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Free Study Guide for The Assistant by Bernard Malamud

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KEY FACTS


Title
The Assistant

Author
Bernard Malamud

Date Published
1957

Meaning of the Title
Refers to Frank Alpine, who works in the grocery store as an assistant to Morris Bober

Setting
Brooklyn, NY, mostly in a small grocery store

Genre
Novel, adult fiction

Protagonist
That part of Frank Alpine that wants to be good, and Morris Bober

Antagonist
The part of Frank Alpine that is not good

Mood
Bleak

Point of View
Limited omniscient

Tense
Past tense

Rising Action



The rising action occurs between the first chapter and the sixth chapter. In these chapters Frank becomes close to Morris and to Helen. He helps run the store while Morris is laid up. He asks very little in return, although he does take a few dollars with the plan to repay it. Frank worries about telling Morris about his part in the robbery. He watches Helen, both through the store window and by spying on her as she disrobes for her bath. He gets to know her on walks from the library.

Morris suspects that Frank is stealing from him, but cannot be sure. Then he decides that, if Frank is stealing, it is because he doesn't pay him enough. He decides to pay Frank more.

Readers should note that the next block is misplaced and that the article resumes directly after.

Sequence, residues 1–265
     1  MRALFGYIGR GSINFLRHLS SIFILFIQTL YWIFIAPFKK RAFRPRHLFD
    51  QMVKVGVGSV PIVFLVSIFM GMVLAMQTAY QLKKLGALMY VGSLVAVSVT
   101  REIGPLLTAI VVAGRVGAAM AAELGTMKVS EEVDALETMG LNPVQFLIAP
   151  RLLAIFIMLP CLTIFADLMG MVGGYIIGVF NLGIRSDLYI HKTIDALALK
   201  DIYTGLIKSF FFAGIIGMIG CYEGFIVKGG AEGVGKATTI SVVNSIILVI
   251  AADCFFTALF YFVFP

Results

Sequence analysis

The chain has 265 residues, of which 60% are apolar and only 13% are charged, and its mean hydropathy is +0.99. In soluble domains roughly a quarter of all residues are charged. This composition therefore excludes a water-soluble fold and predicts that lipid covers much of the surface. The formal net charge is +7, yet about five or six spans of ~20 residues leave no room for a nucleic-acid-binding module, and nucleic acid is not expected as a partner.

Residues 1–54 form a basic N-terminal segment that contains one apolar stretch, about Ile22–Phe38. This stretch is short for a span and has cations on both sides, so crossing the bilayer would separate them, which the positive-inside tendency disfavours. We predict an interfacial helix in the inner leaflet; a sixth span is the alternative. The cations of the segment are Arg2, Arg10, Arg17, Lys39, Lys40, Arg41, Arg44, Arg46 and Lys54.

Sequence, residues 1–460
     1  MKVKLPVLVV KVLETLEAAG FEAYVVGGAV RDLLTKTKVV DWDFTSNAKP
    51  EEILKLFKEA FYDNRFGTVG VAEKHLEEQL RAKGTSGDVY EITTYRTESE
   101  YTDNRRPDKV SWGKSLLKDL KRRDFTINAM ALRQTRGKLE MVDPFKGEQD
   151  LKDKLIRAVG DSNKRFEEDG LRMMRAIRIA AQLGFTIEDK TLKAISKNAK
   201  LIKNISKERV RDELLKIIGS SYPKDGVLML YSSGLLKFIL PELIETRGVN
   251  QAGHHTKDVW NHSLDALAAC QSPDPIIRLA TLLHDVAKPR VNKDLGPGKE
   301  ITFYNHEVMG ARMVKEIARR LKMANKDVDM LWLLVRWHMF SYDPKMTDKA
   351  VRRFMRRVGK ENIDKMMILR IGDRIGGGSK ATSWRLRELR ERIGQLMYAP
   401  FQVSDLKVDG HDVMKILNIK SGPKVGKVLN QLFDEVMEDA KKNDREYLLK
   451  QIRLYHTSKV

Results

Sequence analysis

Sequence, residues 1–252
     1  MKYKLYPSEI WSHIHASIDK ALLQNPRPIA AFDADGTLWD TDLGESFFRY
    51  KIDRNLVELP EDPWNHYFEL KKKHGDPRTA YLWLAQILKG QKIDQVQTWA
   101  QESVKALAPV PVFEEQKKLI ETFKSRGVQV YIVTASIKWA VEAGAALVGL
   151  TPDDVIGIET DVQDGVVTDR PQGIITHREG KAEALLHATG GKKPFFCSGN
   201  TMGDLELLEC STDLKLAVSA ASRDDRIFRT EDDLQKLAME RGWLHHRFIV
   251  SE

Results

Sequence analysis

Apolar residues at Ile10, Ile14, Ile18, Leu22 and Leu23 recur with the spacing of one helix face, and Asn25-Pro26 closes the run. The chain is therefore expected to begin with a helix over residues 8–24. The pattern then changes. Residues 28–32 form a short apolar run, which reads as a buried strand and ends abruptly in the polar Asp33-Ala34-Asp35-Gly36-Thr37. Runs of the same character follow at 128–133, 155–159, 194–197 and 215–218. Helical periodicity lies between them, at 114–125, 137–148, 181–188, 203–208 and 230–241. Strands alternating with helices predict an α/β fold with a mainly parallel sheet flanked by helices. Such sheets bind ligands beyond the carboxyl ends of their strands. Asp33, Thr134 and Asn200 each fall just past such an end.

Exposition
The exposition occurs in the first chapter, in which we enter the grocery store and taste life as it is lived there.

The exposition ends with the inciting moment, the robbery of Morris Bober by Frank Alpine and Ward Minogue.

Climax
The climax occurs in the sixth chapter in a series of connected events. The chain reaction starts when Julius Karp tells Morris that Frank is not the reason that his business has increased. Morris tells Frank to leave. Later that night, in a flood of emotion, Frank rapes Helen.

Outcome
After the death of Morris, Frank assumes the role of Morris, both in operating the grocery store and in watching over Ida and Helen.

Major Theme
The struggle toward realization of what one can be

Minor Themes
The variations in father-son relationships; Contrast between attainment of the American Dream and success


VOCABULARY LIST

The author uses Yiddish words as well as Yiddish grammar to give conversations an authentic immigrant flavor.

Here is a sampling of some of the words that he uses, along with translations:

Gesheft - business

Gelt - money

Goy - a person who is not Jewish

Goyim - a group of people who are not Jewish

Landsman - countryman, neighbor from “the old country”

Landsleit - plural of landsman

Parnusseh - livelihood

Schnapps - whiskey

Shikse - non-Jewish girl

Trayfe - not kosher


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